'I know that women have hips and curves' | A&E: Mauve's Mentionables | Indy Week
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'I know that women have hips and curves' 

Designer Edward Holman is ready for the world

"I like women to look sexy at all ages and all sizes," says Edward Holman. "Some designers limit themselves and they want to deal only with smaller-sized people, but I think by me being Southern, I know that women have hips and curves. Those curves are really beautiful--some women are shy about them, but they're beautiful!" We first introduced you to Mr. Edward Holman in our Durham Arts Council Luminary Gala photo spread (indyweek.com/durham/2004-11-10/mauve2.html). Mr. Holman is a local designer of the highest fashionable order. At the ripe age of 7 or 8, he discovered an intense fascination with clothing, often imploring his mother to take him shopping. "I guess I was a little different from my little brother, because he just wanted to run around everywhere," he says. "I used to look at TV shows like Bewitched, and Elizabeth Montgomery just fascinated me with all the majestic and elegant [clothing] she used to wear. So I identified creatively with her."

Mr. Holman created his first six dresses for a United Way benefit show in 1993. He soon applied to and received a fashion design scholarship to Brooks College in Long Beach, Calif. In his fifth term there, his talent and persistence was rewarded by an internship with Richard Tyler, the well-known fashion designer to the stars. "That was phenomenal," says Mr. Holman of his experience. "[Mr. Tyler's] clothes are just beautiful from the inside to the outside."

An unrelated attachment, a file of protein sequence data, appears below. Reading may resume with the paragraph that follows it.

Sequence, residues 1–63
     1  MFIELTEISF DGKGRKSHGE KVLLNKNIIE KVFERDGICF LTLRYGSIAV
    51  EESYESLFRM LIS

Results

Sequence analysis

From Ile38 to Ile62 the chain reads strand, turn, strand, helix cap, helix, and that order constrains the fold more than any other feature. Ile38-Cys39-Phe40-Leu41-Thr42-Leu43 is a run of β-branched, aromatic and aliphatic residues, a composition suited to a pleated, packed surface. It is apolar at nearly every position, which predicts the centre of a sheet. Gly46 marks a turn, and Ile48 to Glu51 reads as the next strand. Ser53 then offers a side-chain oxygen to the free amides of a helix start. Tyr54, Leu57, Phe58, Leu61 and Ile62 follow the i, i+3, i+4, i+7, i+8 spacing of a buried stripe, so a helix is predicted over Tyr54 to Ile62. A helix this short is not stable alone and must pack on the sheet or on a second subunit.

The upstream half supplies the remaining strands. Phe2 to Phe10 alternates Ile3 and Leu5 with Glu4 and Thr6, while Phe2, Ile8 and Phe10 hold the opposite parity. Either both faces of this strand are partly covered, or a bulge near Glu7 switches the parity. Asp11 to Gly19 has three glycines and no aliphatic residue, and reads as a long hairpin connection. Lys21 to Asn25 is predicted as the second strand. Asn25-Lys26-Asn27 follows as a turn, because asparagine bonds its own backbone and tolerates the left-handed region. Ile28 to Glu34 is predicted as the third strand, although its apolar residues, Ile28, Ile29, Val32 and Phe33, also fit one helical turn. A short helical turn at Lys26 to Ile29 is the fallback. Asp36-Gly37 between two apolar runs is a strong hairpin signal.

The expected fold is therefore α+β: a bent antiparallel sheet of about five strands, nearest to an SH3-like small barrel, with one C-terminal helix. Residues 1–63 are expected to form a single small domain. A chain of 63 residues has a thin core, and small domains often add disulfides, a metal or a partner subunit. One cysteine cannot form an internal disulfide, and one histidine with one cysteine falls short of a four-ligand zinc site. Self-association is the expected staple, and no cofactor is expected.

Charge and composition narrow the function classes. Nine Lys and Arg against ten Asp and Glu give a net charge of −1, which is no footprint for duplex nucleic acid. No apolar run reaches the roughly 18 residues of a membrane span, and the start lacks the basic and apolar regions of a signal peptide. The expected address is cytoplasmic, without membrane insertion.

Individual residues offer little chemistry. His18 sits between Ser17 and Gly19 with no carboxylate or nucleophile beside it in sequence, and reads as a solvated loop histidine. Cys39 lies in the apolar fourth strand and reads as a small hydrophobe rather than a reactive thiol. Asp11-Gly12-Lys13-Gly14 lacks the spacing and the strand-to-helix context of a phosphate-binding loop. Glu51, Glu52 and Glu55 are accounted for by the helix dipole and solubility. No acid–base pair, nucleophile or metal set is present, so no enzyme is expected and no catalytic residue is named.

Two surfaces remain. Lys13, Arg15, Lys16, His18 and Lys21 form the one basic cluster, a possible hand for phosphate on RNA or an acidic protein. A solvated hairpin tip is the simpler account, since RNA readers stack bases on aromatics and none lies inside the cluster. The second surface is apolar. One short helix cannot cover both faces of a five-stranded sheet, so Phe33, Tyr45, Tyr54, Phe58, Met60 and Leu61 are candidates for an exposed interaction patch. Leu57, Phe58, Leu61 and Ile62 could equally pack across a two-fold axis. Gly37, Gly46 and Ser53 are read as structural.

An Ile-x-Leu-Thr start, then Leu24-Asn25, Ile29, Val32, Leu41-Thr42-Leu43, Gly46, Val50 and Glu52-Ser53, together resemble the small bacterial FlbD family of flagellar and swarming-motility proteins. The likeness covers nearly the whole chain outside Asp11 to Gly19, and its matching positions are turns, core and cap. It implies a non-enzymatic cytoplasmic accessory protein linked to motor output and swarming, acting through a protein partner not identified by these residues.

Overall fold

The same can be said for Mr. Holman's designs. At the DAC gala, he wowed the crowd with his couture ensembles and runway-ready models. (Mr. Andre Leon Talley even took an eye to the designer's fashions, congratulating him on a "job well done.") Mr. Holman's choice of models was the mark of an expert hand that truly brought an international runway feel to a local arena. "Commercially, when I choose a model ... she has to be able to walk--I love a girl who can walk!" he says. "And she has to have a femininity about her."

Femininity is a driving theme in Mr. Holman's elegant attire. Often inspired by the women in his life and in the world, he is always thinking of new ways to drape the female form. And as with any designer worth his selvage, he delights in bringing his creations to life. "I love it, I love it!" he says, of seeing a woman in his clothing. "I know she's sharp--I know she's got it going on!"

Though he appreciates his relationship with local models and vendors, Mr. Holman laments the current state of fashion in the Triangle, namely the trend toward dressing for comfort, not for style. "When I was younger, there was a market here for clothes," he says. "I don't know what happened to the market, but people here have gotten to the point where they don't like to dress up. When you wear something different, [it's like] 'Why do you have that on?' People don't like taking fashion risks.... When I was in high school everybody had their own flavor ... [but now] when I walk around and look at people, everybody, to me, looks the same."